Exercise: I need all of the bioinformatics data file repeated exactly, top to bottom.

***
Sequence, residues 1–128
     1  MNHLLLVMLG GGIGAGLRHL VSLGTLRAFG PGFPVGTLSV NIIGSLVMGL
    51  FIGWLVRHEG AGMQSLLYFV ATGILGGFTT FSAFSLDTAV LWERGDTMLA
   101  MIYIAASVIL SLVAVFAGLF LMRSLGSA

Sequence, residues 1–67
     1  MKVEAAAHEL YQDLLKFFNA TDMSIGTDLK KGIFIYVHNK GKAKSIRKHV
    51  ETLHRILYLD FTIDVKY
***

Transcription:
Sequence, residues 1–128
     1  MNHLLLVMLG GGIGAGLRHL VSLGTLRAFG PGFPVGTLSV NIIGSLVMGL
    51  FIGWLVRHEG AGMQSLLYFV ATGILGGFTT FSAFSLDTAV LWERGDTMLA
   101  MIYIAASVIL SLVAVFAGLF LMRSLGSA

Sequence, residues 1–67
     1  MKVEAAAHEL YQDLLKFFNA TDMSIGTDLK KGIFIYVHNK GKAKSIRKHV
    51  ETLHRILYLD FTIDVKY